I am the incoming executive editor of digital at the Guardian as well as a proud New York Times alum. I co-founded and Hacks & Hackers. Also, I am a yachtsman.

July 25, 2012 at 2:30pm

Finding the Right Metric for News

The project our Knight-Mozilla fellow will help tackle was hatched in January during a bus ride to the Austin airport with news brainiac (and karaokaholic) Greg Linch.

He had just written a terrific post on his blog, The Linchpen, about the need for more sophisticated metrics to measure the success or failure of journalism online. I’d been thinking about the same problem, but Greg crystalized the challenge and the opportunity perfectly.

In his words: “So, what if we measured journalism by its impact?”

It sounded to both of us to be an ideal project for someone to sink his or her teeth into. After all, the benchmarks we use now are so ill suited. They are the simplistic, one-dimensional metrics we all know: pageviews, time on site, uniques. We use them largely because they are there and because they are easy — even though we all know they’re a lousy way to measure impact.

We know readers know the difference between a cotton-candy piece about the latest Kardashian kerfuffle and, say, David Barstow’s policy-changing Wal-Mart investigation. One will change laws and lives. The other will be forgotten in a day. Are pageviews or uniques really the right measure? Of course not.

What we do not have are ways of measuring how a piece of journalism changes the way people think or act. We don’t have a metric for impact.

This is not a new problem. The metrics newsrooms have traditionally used tended to be fairly imprecise: Did a law change? Did the bad guy go to jail? Were dangers revealed? Were lives saved? Or least significant of all, did it win an award? 

But the math changes in the digital environment. We are awash in metrics, and we have the ability to engage with readers at scale in ways that would have been impossible (or impossibly expensive) in an analog world.

The problem now is figuring out which data to pay attention to and which to ignore. It is about setting up frameworks for testing, analysis and interpretation that are both scalable and replicable.

It’s about finding that clear signal among the white noise that tells us whether our journalism is resonating or not, whether it is having the impact we believe it should. Helping us clear away the noise is the goal of our proposal to host a Knight-Mozilla fellow.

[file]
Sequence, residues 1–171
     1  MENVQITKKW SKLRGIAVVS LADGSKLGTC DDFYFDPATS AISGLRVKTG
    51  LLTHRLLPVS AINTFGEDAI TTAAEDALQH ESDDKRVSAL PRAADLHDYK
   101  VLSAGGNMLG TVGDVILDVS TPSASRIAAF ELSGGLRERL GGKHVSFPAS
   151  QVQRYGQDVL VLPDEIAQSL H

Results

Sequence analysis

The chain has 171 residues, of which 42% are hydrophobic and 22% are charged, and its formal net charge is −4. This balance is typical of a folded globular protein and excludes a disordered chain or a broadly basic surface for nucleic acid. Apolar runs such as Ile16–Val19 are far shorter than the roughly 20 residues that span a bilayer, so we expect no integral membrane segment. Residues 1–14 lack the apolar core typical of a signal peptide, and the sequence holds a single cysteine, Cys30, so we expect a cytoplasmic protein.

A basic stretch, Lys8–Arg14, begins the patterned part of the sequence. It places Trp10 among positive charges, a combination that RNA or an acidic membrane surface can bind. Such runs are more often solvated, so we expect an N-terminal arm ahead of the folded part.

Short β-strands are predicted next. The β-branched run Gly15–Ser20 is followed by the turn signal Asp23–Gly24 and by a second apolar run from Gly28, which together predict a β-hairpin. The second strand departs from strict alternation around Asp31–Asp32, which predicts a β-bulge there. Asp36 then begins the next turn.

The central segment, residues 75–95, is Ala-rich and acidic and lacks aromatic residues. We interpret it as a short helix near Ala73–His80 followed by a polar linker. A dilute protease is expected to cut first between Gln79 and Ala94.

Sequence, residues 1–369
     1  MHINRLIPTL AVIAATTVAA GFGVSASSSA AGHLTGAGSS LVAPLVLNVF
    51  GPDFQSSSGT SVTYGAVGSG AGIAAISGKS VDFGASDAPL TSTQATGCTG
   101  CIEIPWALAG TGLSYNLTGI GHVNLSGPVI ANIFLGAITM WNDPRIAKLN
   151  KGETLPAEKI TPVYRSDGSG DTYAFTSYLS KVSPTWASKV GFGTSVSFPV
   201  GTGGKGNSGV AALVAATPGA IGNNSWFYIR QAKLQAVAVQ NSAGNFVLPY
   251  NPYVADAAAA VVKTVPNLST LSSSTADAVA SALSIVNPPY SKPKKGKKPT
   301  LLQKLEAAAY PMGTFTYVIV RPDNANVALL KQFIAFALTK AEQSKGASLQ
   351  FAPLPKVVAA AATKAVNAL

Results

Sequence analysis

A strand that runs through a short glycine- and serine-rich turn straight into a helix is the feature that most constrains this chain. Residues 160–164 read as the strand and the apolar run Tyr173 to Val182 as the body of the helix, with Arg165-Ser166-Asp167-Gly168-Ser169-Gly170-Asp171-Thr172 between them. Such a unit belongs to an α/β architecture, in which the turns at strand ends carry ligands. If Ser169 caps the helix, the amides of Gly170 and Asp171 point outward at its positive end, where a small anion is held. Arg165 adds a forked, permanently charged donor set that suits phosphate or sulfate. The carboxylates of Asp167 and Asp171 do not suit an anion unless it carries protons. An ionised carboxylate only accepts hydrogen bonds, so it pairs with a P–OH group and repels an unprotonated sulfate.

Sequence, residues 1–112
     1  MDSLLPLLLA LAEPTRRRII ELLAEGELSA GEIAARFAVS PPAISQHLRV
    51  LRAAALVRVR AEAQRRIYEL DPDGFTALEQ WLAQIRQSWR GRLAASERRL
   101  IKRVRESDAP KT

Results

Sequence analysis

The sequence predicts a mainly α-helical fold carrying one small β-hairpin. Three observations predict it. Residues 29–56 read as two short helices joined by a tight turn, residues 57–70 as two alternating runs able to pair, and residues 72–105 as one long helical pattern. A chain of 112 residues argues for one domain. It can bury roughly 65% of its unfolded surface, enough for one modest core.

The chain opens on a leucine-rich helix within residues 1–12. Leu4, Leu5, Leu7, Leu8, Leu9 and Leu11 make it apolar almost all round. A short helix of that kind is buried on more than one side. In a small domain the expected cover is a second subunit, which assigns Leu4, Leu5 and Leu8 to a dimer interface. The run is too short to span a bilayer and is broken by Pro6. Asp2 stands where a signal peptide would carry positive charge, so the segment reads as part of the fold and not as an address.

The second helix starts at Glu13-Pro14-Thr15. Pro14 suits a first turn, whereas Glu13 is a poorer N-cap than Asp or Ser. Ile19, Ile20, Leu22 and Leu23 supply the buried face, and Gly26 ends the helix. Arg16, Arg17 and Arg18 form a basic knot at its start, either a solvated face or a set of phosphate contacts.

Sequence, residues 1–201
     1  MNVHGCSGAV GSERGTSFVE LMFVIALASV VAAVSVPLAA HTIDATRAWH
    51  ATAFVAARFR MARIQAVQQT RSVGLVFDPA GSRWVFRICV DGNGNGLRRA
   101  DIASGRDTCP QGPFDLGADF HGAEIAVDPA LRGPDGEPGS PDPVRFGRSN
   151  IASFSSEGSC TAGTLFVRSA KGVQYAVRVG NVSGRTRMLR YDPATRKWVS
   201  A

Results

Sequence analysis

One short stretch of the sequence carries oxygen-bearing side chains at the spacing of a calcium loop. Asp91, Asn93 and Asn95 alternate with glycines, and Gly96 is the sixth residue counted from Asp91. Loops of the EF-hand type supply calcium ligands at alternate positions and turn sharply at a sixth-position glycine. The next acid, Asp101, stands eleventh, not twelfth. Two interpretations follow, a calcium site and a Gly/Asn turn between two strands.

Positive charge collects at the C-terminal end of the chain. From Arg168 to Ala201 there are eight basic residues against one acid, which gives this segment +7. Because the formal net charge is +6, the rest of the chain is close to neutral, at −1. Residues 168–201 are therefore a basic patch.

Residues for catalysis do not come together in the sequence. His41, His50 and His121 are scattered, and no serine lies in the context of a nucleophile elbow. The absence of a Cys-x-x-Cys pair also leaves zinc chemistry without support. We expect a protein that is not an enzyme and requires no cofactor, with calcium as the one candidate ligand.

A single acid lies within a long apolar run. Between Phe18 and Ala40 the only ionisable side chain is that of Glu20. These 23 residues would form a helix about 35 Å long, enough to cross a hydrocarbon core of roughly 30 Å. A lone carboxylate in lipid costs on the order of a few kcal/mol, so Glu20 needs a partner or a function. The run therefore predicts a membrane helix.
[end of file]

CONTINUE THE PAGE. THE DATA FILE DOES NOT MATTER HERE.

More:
Now, we are under no illusion that in 10 short months we will emerge with a single granite tablet on which all the answers will be found. This is an incredibly complex question, starting with what we even mean by the word impact.

What should emerge from this fellowship is something far more enduring and impactful: A framework, methodology and tool set for newsrooms to study and answer these questions for themselves.

The ideal outcome would be a suite of open-source tools, techniques and best practices that, in aggregate, help all of us understand readers better and enhance the impact of our journalism. At a bare minimum, we hope to start asking the right questions.

If you’re an analytics nerd, a news junkie and think it would be neat to spend some time working on a problem like this using The New York Times newsroom as your laboratory, we’d like to hear from you. The deadline is August 11th.


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  8. markcoatney reblogged this from pilhofer and added:
    So cool. Get involved here.
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    Times’ Aron Pilhoefer pitches what he wants...a 2013 Knight-Mozilla Fellow.
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